The beer that made Milwaukee famous was originally brewed there by one German and got its name from another, Joseph Schlitz, who arrived in the country from Mainz. Schlitz worked as a bookkeeper for the brewery’s founder, and when he died, Schlitz took over the company, married the owner’s widow and gave the brewery his name.

The town of Schlitz was first mentioned in history books when Archbishop Richolf of Mainz consecrated a church on the hill of Schlitz in September 812. By 1439, it was officially recognized as a city with a fortified castle and defensive wall. During the 16th and 17th centuries, the castle and fortifications were converted into residential dwellings with a growing population.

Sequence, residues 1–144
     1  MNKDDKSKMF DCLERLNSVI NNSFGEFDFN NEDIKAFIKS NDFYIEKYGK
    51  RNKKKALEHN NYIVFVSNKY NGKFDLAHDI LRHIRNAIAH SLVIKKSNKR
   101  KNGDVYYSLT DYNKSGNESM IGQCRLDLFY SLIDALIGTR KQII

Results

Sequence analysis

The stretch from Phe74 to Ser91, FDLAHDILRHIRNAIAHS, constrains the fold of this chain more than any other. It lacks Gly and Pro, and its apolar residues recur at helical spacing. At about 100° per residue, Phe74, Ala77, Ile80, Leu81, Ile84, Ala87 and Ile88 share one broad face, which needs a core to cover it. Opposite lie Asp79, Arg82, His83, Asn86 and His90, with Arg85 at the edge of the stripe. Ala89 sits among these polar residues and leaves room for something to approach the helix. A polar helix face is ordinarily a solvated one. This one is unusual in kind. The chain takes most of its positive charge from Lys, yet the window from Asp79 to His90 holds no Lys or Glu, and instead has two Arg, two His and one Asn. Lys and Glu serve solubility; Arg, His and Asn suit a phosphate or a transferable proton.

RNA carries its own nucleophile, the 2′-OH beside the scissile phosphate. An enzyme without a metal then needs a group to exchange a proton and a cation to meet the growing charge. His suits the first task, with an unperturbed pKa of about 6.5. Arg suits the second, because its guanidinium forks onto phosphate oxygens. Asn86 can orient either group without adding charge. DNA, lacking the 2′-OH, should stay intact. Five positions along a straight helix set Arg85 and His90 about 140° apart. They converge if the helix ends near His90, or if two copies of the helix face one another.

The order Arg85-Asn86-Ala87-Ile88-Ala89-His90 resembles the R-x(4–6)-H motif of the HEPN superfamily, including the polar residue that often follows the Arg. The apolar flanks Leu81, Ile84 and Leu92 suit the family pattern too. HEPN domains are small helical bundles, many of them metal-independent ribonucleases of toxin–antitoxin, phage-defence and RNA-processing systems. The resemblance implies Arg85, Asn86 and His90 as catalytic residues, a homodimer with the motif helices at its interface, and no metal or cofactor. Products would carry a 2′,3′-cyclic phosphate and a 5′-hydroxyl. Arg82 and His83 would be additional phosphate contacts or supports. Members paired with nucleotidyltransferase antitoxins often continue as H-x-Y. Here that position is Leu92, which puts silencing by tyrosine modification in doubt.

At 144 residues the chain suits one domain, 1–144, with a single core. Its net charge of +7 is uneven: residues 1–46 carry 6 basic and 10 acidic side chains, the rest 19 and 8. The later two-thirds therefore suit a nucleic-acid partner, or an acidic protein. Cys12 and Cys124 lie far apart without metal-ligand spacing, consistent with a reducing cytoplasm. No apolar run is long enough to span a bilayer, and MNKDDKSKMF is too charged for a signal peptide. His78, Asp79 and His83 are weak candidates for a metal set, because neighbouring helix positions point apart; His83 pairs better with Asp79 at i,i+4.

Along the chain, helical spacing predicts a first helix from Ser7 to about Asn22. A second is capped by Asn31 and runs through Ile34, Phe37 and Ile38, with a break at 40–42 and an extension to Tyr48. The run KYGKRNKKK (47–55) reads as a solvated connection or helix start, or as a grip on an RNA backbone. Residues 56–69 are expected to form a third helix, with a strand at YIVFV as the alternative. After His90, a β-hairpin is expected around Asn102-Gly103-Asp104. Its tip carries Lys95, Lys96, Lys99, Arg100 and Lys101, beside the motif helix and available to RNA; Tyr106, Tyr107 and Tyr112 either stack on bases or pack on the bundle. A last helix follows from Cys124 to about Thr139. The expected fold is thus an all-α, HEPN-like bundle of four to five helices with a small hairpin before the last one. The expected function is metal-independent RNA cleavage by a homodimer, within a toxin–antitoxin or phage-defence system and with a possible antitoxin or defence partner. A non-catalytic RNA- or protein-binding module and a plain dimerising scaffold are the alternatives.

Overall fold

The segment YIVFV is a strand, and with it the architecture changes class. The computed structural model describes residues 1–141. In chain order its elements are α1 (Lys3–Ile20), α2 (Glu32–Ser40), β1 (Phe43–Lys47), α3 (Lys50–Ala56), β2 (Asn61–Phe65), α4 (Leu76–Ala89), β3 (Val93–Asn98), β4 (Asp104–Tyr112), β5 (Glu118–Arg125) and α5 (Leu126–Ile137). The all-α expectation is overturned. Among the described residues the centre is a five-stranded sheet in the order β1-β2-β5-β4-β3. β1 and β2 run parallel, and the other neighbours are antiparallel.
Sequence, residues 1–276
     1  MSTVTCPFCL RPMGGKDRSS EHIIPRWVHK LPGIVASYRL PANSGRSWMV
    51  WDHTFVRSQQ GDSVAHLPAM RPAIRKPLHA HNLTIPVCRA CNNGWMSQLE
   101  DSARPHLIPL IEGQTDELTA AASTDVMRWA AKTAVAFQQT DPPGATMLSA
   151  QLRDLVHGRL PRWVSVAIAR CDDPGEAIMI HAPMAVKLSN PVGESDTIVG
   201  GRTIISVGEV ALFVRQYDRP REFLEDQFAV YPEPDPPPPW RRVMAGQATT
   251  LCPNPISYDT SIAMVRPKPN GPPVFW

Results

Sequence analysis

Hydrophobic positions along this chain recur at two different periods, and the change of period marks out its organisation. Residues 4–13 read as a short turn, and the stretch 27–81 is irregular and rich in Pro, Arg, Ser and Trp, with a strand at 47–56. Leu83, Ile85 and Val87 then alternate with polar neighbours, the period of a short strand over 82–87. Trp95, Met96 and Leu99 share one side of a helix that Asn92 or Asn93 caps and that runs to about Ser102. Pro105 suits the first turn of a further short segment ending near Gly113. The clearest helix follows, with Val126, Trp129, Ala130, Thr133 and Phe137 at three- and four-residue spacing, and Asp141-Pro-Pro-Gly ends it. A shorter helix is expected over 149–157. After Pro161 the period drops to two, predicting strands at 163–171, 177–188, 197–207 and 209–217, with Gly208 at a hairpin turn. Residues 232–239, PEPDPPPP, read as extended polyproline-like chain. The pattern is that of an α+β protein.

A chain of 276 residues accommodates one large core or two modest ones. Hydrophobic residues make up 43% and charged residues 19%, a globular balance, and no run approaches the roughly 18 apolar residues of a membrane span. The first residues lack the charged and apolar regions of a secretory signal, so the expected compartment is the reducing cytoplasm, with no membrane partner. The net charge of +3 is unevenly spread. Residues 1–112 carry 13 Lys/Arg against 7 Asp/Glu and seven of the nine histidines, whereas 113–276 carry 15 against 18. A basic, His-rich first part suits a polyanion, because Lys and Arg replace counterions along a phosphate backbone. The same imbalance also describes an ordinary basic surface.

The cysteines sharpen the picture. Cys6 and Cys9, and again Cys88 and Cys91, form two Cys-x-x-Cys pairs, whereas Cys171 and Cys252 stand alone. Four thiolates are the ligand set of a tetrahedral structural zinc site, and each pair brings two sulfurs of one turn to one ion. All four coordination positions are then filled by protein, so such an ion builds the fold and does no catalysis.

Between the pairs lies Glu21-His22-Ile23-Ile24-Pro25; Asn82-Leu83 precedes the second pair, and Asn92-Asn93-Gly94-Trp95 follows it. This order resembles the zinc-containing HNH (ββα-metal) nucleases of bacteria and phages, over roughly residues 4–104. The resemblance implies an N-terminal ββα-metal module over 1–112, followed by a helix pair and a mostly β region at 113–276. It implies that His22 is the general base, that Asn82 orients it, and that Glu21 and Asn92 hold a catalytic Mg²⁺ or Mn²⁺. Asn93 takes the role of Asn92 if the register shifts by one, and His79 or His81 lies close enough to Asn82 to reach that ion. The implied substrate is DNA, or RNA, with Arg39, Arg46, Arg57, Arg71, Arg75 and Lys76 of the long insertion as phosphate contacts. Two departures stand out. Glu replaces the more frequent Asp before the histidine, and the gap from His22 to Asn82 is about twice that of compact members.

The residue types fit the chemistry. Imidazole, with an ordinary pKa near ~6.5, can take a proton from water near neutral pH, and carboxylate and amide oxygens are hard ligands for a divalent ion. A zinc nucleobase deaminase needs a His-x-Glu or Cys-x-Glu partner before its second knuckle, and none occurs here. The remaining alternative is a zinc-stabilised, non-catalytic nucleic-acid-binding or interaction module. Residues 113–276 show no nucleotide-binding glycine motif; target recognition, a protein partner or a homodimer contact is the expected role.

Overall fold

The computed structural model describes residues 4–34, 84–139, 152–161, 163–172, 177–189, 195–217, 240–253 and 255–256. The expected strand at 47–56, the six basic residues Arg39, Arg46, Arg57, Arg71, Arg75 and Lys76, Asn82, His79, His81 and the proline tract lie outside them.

Today, Schlitz is a charming and peaceful town, ideal for a stroll on cobblestone streets between half-timbered houses and centuries-old sites.

The main attractions are concentrated on the hill at the center of town. A string of four castles, watchtowers and walls formed a ring atop the hill. Today, only the Hinterturm — a tall tower — and parts of the Vorder- and Hinterburgs — two of the four original castles — can be recognized. With a little bit of imagination, one can assemble the remains of the structures and visualize what they looked like.

An excellent place to get a good view of the town and surrounding area is the towering Hinterturm, once part of the Hinterburg. Almost 150 feet high and built in the 14th century, it offers a splendid view over Schlitz and the surrounding landscape.

During the Christmas season, the tower is wrapped to resemble a candle and is topped by a large electric light that resembles a flame that can be seen from a long distance.